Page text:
Finally, keep in mind that a will, in either written or video form, is not the only estate planning tool you have. Various trusts can also help make sure your estate is left according to your wishes.

Who Should Be Your Inheritors?

Who Should Be Your Inheritors?

If you’ve thought about estate planning and have contemplated when and how to distribute your assets to your heirs, read on. You probably imagine that this process will entail a series of trade-offs to prevent emotion-laden family problems. However, when you focus on numbers, you’re dealing with objective and straightforward facts.

But, you are in murkier waters when considering who should inherit your wealth, and you understand that emotions will most likely factor into those decisions. The truth is, there is no correct answer to how to distribute your estate. But here are some questions that will help frame your thinking:

  • How much would you like to leave to charity and how much to your family?
  • Will you divide your assets equally among your heirs, or on some other basis, like need or good behavior?
  • What form does your estate take? Is it cash, securities or some other assets? Do you want to give these outright or leave them in a trust?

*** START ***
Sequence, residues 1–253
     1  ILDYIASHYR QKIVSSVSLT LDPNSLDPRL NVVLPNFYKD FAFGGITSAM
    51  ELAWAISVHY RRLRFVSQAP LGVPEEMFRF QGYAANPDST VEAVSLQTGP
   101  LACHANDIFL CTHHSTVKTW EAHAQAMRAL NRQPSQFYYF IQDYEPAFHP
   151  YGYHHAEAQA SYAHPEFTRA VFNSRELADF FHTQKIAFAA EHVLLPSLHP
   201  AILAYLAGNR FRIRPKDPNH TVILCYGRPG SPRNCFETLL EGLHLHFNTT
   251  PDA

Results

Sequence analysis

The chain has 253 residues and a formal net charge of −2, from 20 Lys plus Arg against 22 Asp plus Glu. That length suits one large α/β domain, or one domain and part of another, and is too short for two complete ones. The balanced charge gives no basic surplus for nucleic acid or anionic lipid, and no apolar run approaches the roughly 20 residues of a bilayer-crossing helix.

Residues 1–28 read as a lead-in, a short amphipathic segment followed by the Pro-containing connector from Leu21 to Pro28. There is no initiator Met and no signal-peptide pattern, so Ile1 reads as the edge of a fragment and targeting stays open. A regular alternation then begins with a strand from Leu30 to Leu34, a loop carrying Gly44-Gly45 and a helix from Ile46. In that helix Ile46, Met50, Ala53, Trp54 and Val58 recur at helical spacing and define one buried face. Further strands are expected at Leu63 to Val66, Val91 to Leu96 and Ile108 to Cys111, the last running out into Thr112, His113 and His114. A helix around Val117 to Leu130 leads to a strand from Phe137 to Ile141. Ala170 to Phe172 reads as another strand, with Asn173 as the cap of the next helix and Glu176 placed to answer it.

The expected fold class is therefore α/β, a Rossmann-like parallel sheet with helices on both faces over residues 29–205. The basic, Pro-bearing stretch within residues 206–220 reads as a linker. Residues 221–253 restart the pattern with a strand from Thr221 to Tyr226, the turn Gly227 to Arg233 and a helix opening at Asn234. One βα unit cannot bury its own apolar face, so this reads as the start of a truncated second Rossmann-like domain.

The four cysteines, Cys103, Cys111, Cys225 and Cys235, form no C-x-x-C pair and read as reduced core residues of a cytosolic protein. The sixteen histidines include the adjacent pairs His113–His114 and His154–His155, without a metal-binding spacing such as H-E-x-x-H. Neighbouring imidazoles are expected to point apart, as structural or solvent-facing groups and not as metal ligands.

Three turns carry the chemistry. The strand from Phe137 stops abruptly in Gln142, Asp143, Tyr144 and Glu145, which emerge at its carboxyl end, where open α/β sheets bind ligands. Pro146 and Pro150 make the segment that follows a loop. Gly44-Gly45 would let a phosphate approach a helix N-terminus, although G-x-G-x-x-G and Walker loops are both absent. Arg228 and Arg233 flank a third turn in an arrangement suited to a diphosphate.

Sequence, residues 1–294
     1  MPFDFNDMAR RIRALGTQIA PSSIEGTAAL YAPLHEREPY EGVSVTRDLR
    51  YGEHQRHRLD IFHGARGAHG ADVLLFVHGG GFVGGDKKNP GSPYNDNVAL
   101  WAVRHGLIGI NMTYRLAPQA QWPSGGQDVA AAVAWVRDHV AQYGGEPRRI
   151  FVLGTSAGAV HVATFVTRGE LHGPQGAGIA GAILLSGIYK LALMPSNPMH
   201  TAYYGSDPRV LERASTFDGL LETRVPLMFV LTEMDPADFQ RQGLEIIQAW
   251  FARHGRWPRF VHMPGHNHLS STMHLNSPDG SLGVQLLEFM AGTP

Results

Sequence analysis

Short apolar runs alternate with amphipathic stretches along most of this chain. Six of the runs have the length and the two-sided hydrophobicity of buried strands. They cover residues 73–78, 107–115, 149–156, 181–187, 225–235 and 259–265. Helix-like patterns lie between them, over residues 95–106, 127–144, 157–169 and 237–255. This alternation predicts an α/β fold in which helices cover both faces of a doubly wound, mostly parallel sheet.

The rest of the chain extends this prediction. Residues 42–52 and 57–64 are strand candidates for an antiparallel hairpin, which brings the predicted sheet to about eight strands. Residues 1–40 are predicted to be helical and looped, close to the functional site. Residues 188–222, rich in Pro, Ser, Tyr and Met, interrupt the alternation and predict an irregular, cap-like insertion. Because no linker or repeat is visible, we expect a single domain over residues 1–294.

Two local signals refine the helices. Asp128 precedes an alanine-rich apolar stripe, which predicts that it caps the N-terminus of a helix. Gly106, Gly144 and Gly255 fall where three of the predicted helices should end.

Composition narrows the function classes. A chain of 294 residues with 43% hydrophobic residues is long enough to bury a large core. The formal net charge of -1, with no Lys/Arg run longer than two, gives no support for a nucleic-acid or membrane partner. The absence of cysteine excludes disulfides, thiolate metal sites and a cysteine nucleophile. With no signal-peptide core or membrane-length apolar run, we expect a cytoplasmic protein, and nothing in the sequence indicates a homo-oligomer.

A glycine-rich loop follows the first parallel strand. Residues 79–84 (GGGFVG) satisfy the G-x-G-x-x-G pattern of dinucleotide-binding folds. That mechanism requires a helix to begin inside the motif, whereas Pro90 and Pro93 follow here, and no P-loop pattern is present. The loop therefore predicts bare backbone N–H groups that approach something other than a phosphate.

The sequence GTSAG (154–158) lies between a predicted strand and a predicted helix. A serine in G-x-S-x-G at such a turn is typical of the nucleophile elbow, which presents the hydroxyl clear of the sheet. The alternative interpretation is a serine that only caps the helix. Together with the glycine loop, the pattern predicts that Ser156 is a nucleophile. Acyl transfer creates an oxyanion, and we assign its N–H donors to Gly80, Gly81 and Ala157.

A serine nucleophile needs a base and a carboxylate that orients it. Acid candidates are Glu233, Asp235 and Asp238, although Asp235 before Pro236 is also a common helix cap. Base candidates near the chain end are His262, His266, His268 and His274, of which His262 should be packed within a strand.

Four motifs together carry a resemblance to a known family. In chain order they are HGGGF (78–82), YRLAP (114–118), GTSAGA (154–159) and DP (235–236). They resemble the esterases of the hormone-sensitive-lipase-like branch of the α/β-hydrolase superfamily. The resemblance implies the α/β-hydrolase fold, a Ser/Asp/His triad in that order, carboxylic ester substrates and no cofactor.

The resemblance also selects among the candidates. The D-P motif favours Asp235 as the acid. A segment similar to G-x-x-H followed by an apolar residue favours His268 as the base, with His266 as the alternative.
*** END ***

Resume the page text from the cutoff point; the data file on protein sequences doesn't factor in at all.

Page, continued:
• Can the heirs you chose to handle the responsibility of managing their own finances, or will they need help?
  • If you use a trust, will there be provisions, what will they be and whom will you designate as the trustee?

Maybe we should take a step back and clarify what exactly an heir is. An heir is a relation who potentially is entitled to money or property after you die, such as a spouse or child. Laws in each state outline the exact order in which heirs inherit property, but the list stops at a certain point. Not every heir automatically inherits.

The term “heir” is often used when someone dies without a will. When that happens, the estate administrator tries to find who rightfully inherits the property.

A “beneficiary” is a person or an organization who receives money or property by being specifically named in your will or trust. Beneficiaries can include charities, descendants or close friends, even places of worship.

If you leave a will, beneficiaries often have more rights to whatever assets remain after probate. If you don’t leave a will, the assets go to the first heir in line, and the process continues until a living blood relative is found. Keep in mind that rules may vary depending on the jurisdiction.

Trusts can help ensure the people you want to get your assets, in the form you want. Ensuring the transfer of your hard-earned assets to your heirs is a crucial part of a well-thought-out estate plan. Although it may be uncomfortable to have a conversation like this with your spouse, your children, and other possible heirs, it will enable them to ask questions and to clarify what your exact wishes are. While the estate planning talk deals with sensitive issues, it will mean a smoother transition for your heirs after your death.

Get started with your estate plan.